I use little dishes and small spoons put in the freezer for a freezer method set/gel test.  I get one of each out of the freezer and carefully use another spoon to get a small bit of the jam mix and pour it into the spoon taken from freezer.  Then the bottom of the cold spoon becomes room temperature, then I carefully pour the jam into the cold dish.  And let it sit a minute or too, then run my finger through it to see if the trail stays separated or the surface wrinkles, both signs of a good set.  Today I had to do 4 set tests in fast succession (2-3 minutes between).  The last one I was pretty sure was it, so I turned off the heat under the jam pot.  I was right, and so the jam pan rested for a few minutes, then got put near where I would jar the jam.
Filling a jar with jam,
through funnel

One by one, I took a sterilised jar out of the hot water in stock pot, tipping the water back into the pot.  The funnel gets put in the jar, next to the jam pan.  I spoon the jam into the jar through the funnel.  When full, I carefully wipe the edge with a clean cloth dipped in boiling water.  Then place a lid and ring on the top.  It is tightened to light finger tight, so air can escape during processing in the boiling water bath.  Then the jar is returned to the stock pot, using the jar tongs.  This process was repeated six times. When all six jars were in the stock pot and water, I turned the heat back up to bring it to boiling.  And processed the jars in a boiling water bath for 10 minutes.

Each jar was removed from the boiling water bath in turn and placed carefully on a timber coaster to cool.  In very quick succession, the jar lids popped as they cooled, indicating they had a good seal.  Each will have a shelf life of a year (if they last that long !).  When the jars were cool enough, I tightened the rings on them a bit more.  And fixed small labels to each with date of the jam and a best by date of one year hence.

Filled jar of jam being put
in stockpot for boiling
water bath processing

last bits of jam in the pan
The dregs of the jam pan got scooped out and put in a clean small jar for testing tomorrow morning !  There was not enough in the jar to sterilise (a partly empty jar will bob around in the boiling water bath….yes, I have tried this and do know !).  Also, I discarded the foam skimmed off the cooking jam and underneath there was a lovely syrup.  I put the syrup in a another jar.  It will make a nice topping for ice-cream.  The test jam and jam byproduct syrup do not have a long shelf life, they will be used this week and went right into the fridge !
Copper jam pan wash up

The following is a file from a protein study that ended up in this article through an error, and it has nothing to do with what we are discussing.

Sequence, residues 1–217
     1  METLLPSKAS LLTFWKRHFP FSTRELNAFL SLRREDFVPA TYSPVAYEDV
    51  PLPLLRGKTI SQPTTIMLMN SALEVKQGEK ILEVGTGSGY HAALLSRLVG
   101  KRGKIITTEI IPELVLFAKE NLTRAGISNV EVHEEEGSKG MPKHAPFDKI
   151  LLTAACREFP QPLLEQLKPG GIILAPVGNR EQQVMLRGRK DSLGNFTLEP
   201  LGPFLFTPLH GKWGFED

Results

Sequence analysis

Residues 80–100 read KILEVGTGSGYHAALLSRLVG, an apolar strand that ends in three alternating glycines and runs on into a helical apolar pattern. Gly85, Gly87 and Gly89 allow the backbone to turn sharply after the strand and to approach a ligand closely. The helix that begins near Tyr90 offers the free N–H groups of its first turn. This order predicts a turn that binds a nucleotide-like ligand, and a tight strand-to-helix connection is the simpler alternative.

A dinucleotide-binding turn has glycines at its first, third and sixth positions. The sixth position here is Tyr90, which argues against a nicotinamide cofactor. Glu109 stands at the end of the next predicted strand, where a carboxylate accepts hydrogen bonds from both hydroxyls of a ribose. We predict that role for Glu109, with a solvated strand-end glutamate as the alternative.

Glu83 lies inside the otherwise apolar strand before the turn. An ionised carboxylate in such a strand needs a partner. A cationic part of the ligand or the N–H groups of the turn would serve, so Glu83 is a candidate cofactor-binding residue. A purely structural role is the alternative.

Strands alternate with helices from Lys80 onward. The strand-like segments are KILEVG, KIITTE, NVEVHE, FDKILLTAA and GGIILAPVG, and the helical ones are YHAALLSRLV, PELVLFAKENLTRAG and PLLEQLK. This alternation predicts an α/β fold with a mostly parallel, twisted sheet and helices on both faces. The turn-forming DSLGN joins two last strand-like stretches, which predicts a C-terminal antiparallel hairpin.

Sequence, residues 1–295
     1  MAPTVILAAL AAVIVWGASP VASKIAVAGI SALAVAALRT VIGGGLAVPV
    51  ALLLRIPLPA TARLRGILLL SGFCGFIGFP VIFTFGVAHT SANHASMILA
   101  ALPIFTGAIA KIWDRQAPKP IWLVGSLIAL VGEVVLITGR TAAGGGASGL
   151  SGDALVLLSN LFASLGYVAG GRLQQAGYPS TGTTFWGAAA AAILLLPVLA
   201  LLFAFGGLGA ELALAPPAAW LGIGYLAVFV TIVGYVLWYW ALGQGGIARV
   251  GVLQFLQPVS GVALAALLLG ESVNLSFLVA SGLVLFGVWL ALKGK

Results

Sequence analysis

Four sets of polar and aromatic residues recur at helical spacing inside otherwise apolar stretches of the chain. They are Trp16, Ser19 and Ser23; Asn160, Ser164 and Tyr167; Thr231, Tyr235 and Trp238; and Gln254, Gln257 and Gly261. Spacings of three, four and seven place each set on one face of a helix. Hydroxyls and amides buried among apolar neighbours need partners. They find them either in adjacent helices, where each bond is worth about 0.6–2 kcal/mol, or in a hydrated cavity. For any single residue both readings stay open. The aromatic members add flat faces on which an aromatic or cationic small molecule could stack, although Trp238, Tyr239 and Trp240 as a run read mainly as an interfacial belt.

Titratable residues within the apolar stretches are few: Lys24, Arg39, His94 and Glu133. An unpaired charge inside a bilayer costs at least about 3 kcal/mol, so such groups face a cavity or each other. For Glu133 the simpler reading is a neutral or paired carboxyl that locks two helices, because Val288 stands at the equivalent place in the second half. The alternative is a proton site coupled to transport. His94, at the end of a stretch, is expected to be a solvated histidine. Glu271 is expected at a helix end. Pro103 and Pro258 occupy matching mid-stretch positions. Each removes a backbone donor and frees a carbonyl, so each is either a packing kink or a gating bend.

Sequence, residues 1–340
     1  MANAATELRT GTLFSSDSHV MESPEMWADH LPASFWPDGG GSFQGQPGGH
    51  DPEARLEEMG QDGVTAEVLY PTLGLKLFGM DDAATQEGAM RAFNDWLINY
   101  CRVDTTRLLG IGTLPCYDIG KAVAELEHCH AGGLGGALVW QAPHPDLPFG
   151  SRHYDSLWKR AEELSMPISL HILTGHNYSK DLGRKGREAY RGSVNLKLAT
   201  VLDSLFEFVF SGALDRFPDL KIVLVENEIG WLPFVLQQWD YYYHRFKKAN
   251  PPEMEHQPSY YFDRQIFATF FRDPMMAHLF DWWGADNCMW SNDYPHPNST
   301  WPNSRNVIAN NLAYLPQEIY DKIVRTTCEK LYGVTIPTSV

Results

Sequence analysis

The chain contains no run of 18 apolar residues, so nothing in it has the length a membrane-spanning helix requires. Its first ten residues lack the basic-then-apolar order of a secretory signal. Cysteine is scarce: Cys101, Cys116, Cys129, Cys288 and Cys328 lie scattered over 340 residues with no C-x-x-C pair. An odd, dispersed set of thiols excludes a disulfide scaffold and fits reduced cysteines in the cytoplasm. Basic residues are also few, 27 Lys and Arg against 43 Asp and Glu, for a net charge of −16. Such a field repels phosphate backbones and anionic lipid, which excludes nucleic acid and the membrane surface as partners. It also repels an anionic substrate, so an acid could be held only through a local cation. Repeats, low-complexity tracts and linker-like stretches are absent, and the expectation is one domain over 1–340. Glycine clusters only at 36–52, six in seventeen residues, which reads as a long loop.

clean &ready for next batch !
I clean up all my tools and things right away, so it can all be put away and ready for next batch of jam.  Which might be tomorrow !  

Ashes Raspberry - Red Currant Jam

The cricket had been going pretty well.  So I decided to name this jam Ashes Raspberry - Red Currant Jam.

Looking forward to soon have studio space again for painting.  To see recent progress on the last phase of the renovations, completion of the studio, see placeandtimedesign blog, where I post renovations news and progress.

Friday, December 20, 2013

When Life Gives You….

Cherries !

I saw a great interiors photo of a beautiful kitchen last week and it had in it a cute sign that said Cherries on it.  I decided I would like one for my kitchen.  So I set about to do a prototype sign and work out my composition options, colour palette, and so on.

I have been wanting to integrate typography into my art, but free hand efforts have not looked how I want….so decided to use some form of an image transfer on this sign to get the composition of the letters as I liked before hand painting the lettering in my colour palette.  And last week I was in the middle of doing some experimentation with image transfer techniques and was timing and comparing the use of them, before teaching a variety of methods in a new workshop Brocante in the Barossa NEW Image Transfer on Chalk Paint ™ Workshop in January and March.  So I used an image transfer of the lettering onto the board (and did a time trial on it too).

First, I did a trawl online to see Cherries signs and motifs I liked.  I did not copy these, but definitely was inspired by fruits of the trawl.  I combined elements inspired from a number of sources into my design.  Then, I created the actual motif lettering in Microsoft Word, using WordArt feature, trying a number of fonts and shaping to the word before I found one I liked.  I used a pale colour, because I intended to paint over it all.  Then, printing the word art in reverse (mirror image), I  used Annie Sloan's Decoupage Glue/Varnish to apply the word "CHERRIES" to a board painted in Chalk Paint ™ decorative paint by Annie Sloan (colour of ground is Old White).

I began to paint over the lettering by hand and used Chalk Paint ™ by Annie Sloan in Primer Red, Emperor's Silk and a bit of Graphite for a little shadowing effect on the letters.  This took awhile and it does have a hand painted look to it.  I was as steady as I could though and used small taklon (4 and 6) flat and bright paint brushes for the painting work.

Then with small (2 and 4) bristle brushes, I used Antibes Green, and a more emerald looking mix of Antibes and Florence to create some leaves around the lettering.  I did leaves free hand.  I put in some shadows with  Graphite, so the lettering would stand out more and to give the leaves a look of part shadiness.  I used the darker red Primer Red to paint on some clusters of cherries amidst the foliage.  Emperor's Silk is a brighter red and was used for the brighter parts of the cherries, along with it mixed with a very bit of Old White (to make a quite bright warm pink).  To complete the cherries, I lightly put in some Old White highlights where the light would dance on the cherries.

To finish my prototype sign, I used Annie Sloan Soft Wax, first in Clear, then in Dark.  I gave the sign a bit of distressing with sandpaper.  And I rubbed back a bit of the dark wax, especially on the white bits around the letters, to brighten it up.

I like the sign.  I want to make a bigger one and will be planning that.  My immediate design dilemma:  How big should the sign for the kitchen be ?!